Japan coach Hajime Moriyasu will remain in charge of the Asian team for another World Cup cycle, the country’s soccer association announced on Thursday, aiming to break new ground after a series of near misses.
That Moriyasu was still in charge came as no surprise after he led Japan to victories over former World Cup champions Germany and Spain during the final in Qatar en route to topping what was considered the tournament’s toughest group. .
The 54-year-old, whose team was beaten in the round of 16 by Croatia, will be the first coach to lead the nation to successive World Cup campaigns.
“I am extremely honored as I prepare for the difficult mission ahead and the weight of responsibility that comes with the job,” Moriyasu said at a press conference.
“I want to take up the challenge with the belief that nothing is impossible for Japan.”
The round of 16 loss in Qatar was another instance of Moriyasu coming up short internationally since taking over as Samurai Blue’s manager after the 2018 World Cup.
Despite a trophy-laden club career in which he led Sanfrecce Hiroshima to three J-League titles in four seasons, Moriyasu has yet to experience similar success with Japan.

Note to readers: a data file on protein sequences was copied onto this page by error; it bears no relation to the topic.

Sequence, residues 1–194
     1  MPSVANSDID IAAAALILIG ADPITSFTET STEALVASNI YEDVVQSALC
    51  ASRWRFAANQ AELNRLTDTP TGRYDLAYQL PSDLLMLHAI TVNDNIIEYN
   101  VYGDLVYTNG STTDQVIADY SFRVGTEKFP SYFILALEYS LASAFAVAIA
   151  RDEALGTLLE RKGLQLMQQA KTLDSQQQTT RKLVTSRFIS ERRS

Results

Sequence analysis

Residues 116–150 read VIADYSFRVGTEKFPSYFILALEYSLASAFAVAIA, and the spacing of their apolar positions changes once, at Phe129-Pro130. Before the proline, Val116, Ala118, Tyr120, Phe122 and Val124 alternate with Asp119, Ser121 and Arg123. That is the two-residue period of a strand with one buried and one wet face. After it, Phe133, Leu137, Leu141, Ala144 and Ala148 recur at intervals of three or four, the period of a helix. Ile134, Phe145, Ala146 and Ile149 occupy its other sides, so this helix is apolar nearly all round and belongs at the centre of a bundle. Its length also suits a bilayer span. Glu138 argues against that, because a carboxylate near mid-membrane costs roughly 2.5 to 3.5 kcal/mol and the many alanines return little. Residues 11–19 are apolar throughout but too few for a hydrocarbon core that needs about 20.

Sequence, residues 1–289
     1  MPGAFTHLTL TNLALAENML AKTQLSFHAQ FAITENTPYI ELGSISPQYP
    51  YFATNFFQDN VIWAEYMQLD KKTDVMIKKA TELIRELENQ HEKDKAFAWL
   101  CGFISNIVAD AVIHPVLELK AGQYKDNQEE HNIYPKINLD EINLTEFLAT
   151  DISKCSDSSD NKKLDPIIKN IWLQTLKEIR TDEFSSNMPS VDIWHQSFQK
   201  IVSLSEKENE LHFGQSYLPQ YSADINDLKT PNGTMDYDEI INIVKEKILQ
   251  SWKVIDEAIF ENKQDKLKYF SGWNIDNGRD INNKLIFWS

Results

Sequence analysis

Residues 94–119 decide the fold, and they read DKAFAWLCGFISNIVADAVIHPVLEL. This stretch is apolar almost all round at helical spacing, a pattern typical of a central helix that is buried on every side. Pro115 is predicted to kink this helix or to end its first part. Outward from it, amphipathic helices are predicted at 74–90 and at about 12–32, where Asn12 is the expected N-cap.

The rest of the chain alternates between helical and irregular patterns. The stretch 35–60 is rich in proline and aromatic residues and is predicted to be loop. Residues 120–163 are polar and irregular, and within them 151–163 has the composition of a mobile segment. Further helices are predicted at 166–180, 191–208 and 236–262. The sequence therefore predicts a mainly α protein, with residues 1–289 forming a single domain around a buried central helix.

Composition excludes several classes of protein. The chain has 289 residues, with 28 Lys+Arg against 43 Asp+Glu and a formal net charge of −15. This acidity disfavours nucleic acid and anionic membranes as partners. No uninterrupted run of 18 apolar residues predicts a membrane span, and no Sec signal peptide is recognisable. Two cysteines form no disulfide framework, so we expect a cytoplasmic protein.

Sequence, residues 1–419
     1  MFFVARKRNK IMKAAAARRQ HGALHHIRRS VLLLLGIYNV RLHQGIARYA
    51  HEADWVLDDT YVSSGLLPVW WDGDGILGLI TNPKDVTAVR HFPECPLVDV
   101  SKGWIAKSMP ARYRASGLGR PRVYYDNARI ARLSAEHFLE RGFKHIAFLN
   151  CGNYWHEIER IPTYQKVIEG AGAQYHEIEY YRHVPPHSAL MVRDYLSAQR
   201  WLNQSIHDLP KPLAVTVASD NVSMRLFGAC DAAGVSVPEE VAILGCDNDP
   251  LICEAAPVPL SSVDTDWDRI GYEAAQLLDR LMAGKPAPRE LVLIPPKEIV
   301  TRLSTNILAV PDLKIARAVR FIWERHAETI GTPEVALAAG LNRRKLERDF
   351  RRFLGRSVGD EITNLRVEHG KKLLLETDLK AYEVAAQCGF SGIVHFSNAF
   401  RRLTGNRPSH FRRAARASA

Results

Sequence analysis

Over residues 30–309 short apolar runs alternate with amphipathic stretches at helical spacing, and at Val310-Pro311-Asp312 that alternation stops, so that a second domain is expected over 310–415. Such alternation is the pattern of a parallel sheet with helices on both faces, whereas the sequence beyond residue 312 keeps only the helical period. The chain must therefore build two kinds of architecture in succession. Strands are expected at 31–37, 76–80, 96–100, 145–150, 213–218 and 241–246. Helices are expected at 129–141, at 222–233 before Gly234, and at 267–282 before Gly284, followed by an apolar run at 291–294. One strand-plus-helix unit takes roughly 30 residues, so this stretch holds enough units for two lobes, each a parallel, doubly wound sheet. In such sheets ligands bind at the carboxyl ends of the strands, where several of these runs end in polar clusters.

Japan lost in the Asian Games gold medal match to a South Korean team led by Son Heung-min in Jakarta weeks after Moriyasu was named head of the national team, setting the tone for a series of near misses that followed.
Japan then failed to secure a record-extending fifth Asian Cup title in early 2019 after Moriyasu’s team lost to Qatar in the continental championship final in Abu Dhabi.
More disappointment followed two years later when Moriyasu, who doubled as coach of Japan’s Olympic team, failed to claim a medal at the delayed Tokyo Games in 2021.
However, Japan’s results in Qatar raised expectations that it can take the nation into uncharted territory, as the country has never progressed past the round of 16 at the World Cup.
“He deserves tremendous appraisal for producing a result that resonated throughout society, and not just within the Japanese football community,” JFA President Kozo Tashima said.
“We considered that keeping him was the quickest way to get … (to) the quarterfinals of the World Cup.”
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